The education sector is increasingly looking to cloud platforms like Office 365 to improve staff productivity and teaching outcomes and reduce IT costs. But they should be wary of doing so without considering the cyber security implications. While Office 365’s built-in security works fine for many threats, it doesn’t stop everything.
For true peace of mind and maximum protection, school, college and university IT departments need to consider layering third-party security on top of Office 365.
Rolling out everywhere
Office 365 is the most widely adopted cloud platform in EMEA, with nearly two-thirds (65%) of organisations using it as of 2018 — an increase of 51% in just two years, according to one study. It’s becoming especially popular in the UK’s education sector, with participating institutions able to access the platform free of charge. A new Department for Education (DfE) strategy published in early April will only accelerate this adoption further. It recommends that “all education providers actively consider and evaluate the benefits of moving to a cloud-based approach for their IT system.”
However, that same report claims that “cloud-based systems are usually more secure” than in-house deployments. While this may be true for some organisations, it doesn’t mean IT departments can simply switch on their Office 365 deployments and forget about cybersecurity. In reality, the sheer volume and variety of threats out there demands an additional later of protection.
An attractive target
Schools, colleges and universities are an increasingly attractive target for attackers. With limited budgets for cyber security, stretched IT resources and a potentially large number of vulnerable users, they can represent a fertile hunting ground for hackers. Ransomware, crypto-mining malware, DDoS, and theft of personal and research data present major risks.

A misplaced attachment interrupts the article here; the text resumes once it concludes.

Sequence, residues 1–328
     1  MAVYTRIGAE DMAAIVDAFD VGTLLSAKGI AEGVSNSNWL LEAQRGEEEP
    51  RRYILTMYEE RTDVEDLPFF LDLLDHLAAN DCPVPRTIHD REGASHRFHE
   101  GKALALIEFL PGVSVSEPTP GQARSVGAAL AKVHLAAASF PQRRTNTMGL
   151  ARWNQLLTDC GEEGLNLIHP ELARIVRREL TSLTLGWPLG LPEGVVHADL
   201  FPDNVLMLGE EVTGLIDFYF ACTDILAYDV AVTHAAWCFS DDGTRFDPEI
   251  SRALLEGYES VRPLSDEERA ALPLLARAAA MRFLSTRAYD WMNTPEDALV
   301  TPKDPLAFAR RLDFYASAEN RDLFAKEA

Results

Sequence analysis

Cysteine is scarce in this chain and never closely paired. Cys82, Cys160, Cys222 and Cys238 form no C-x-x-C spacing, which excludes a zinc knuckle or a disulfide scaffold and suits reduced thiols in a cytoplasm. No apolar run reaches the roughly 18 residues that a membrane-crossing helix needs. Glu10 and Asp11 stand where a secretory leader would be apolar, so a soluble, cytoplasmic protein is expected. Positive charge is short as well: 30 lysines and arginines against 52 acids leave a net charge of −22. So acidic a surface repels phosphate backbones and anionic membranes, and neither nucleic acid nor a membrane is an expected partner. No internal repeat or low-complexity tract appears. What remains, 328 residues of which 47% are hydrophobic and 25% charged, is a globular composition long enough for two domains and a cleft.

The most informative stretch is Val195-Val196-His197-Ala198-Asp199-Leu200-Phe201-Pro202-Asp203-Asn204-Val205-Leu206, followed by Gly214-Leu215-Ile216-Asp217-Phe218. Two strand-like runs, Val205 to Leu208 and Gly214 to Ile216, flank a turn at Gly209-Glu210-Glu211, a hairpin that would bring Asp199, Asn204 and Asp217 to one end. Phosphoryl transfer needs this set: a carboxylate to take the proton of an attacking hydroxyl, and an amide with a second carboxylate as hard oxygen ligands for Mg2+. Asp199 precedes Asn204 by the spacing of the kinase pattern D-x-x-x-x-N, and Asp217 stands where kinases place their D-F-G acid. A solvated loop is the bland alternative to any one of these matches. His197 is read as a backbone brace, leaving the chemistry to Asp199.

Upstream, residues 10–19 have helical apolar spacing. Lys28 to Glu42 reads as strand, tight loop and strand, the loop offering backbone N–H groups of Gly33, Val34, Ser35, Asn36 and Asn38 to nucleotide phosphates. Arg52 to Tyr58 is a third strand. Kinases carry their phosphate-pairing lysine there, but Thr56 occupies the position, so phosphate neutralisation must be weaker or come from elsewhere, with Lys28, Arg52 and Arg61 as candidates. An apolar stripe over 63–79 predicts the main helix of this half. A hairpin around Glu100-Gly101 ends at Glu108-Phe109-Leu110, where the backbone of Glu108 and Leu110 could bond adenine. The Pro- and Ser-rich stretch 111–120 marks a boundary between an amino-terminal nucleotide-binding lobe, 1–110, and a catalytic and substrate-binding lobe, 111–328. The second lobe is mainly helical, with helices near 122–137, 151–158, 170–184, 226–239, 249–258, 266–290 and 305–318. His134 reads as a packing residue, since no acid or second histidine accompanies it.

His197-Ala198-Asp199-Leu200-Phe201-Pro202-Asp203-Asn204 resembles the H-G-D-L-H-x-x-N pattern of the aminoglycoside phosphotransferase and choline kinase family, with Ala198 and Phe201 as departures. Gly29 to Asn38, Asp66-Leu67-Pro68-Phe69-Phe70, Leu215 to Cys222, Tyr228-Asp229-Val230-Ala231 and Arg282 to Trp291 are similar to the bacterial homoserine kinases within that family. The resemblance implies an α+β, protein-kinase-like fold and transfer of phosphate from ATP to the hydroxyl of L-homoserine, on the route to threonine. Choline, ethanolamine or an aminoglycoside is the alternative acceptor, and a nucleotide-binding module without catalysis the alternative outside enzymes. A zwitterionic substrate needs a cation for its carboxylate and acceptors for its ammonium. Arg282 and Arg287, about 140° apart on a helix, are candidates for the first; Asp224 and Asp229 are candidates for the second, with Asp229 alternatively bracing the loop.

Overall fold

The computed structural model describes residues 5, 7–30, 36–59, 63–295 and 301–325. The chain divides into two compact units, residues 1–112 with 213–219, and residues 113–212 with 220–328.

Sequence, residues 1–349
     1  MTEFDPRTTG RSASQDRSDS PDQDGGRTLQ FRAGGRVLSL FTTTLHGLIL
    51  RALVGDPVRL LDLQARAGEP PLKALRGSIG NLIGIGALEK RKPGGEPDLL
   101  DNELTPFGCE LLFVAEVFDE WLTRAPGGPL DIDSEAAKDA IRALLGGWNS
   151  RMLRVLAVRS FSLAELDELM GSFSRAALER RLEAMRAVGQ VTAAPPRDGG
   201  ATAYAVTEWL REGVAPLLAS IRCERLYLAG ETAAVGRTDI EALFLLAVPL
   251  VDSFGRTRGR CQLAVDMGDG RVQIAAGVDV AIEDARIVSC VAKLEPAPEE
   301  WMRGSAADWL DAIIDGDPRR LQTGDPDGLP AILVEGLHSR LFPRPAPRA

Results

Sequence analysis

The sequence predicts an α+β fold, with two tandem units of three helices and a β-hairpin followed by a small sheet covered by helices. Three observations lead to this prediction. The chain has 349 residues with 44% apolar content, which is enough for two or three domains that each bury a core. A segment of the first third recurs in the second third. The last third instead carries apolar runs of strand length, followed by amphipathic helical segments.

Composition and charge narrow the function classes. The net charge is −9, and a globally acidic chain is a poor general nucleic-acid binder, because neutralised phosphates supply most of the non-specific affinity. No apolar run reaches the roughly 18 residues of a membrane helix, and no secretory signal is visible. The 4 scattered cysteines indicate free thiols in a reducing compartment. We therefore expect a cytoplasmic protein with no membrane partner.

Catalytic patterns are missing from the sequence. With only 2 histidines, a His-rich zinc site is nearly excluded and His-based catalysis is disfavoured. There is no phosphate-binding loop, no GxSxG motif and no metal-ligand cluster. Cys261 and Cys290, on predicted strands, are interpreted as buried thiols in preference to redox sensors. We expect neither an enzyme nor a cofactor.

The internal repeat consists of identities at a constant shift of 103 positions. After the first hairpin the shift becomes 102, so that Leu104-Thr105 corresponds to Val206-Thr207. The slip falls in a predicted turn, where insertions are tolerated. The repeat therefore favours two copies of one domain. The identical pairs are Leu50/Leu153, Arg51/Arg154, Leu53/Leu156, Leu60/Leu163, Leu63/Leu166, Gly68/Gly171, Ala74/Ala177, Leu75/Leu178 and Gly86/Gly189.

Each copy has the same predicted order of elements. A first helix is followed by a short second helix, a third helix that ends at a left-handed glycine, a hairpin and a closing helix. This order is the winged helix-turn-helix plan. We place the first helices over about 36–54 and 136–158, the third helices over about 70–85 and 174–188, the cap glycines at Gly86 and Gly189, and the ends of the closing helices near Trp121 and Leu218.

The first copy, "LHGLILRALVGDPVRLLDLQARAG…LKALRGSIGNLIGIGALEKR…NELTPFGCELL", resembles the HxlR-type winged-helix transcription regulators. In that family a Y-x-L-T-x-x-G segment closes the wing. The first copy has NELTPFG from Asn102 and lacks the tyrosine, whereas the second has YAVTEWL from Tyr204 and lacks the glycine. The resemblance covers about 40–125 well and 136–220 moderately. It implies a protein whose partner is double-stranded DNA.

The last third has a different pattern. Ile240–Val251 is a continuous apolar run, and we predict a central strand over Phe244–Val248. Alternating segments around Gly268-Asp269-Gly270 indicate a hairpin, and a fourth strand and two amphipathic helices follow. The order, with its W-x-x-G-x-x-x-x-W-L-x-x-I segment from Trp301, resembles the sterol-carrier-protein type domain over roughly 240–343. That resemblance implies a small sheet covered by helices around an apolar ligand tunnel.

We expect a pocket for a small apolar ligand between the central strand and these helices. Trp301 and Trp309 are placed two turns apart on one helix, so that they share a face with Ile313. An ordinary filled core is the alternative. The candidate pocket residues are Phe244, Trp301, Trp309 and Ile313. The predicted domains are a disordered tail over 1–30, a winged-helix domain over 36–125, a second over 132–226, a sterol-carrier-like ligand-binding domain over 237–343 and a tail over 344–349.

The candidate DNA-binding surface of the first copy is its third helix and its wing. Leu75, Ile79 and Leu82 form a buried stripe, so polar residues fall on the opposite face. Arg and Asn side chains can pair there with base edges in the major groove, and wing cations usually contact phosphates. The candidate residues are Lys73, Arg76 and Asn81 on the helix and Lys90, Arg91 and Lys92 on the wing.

A report from insurer Ecclesiastical last year revealed that one in five British schools and colleges has been a victim of a cyber-attack — with malware (71%), phishing (50%), DoS (38%) and password-based attacks (33%) the most common. Separately, a new paper from Jisc and education think tank HEPI revealed that pen testers were able to access high value data in 100% of higher education institutions, within just two hours.
Time for help
Office 365’s built-in security is a good start. But it will only stop known threats. That’s why it’s essential that IT departments in the education sector invest in third-party security to stay safe from the cyber threats that can lead to data theft and outages. Look for solutions that offer pre-execution machine learning, document exploit detection and behaviour analysis to spot advanced threats like ransomware and information-stealing malware. It’s also important to find a solution that slots neatly into your existing environment via APIs.
In 2018 alone, Trend Micro’s Cloud App Security tool blocked nearly nine million high-risk email threats that weren’t stopped by Office 365. That’s the kind of peace of mind you need to get the most out of new cloud platforms.